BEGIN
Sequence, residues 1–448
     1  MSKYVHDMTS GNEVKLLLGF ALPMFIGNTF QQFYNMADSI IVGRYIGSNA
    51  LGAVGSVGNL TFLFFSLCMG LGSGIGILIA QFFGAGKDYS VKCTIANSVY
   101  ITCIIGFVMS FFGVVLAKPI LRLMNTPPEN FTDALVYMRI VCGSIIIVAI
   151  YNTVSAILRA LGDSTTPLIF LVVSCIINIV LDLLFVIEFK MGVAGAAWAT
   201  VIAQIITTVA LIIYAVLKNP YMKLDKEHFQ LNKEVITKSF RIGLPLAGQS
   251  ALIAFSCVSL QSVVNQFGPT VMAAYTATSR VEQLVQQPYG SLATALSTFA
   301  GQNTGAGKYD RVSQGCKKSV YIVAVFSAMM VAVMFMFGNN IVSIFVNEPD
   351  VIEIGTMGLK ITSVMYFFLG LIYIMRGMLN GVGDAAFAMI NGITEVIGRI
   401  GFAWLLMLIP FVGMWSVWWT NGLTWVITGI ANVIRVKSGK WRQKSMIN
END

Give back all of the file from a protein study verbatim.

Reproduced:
Sequence, residues 1–448
     1  MSKYVHDMTS GNEVKLLLGF ALPMFIGNTF QQFYNMADSI IVGRYIGSNA
    51  LGAVGSVGNL TFLFFSLCMG LGSGIGILIA QFFGAGKDYS VKCTIANSVY
   101  ITCIIGFVMS FFGVVLAKPI LRLMNTPPEN FTDALVYMRI VCGSIIIVAI
   151  YNTVSAILRA LGDSTTPLIF LVVSCIINIV LDLLFVIEFK MGVAGAAWAT
   201  VIAQIITTVA LIIYAVLKNP YMKLDKEHFQ LNKEVITKSF RIGLPLAGQS
   251  ALIAFSCVSL QSVVNQFGPT VMAAYTATSR VEQLVQQPYG SLATALSTFA
   301  GQNTGAGKYD RVSQGCKKSV YIVAVFSAMM VAVMFMFGNN IVSIFVNEPD
   351  VIEIGTMGLK ITSVMYFFLG LIYIMRGMLN GVGDAAFAMI NGITEVIGRI
   401  GFAWLLMLIP FVGMWSVWWT NGLTWVITGI ANVIRVKSGK WRQKSMIN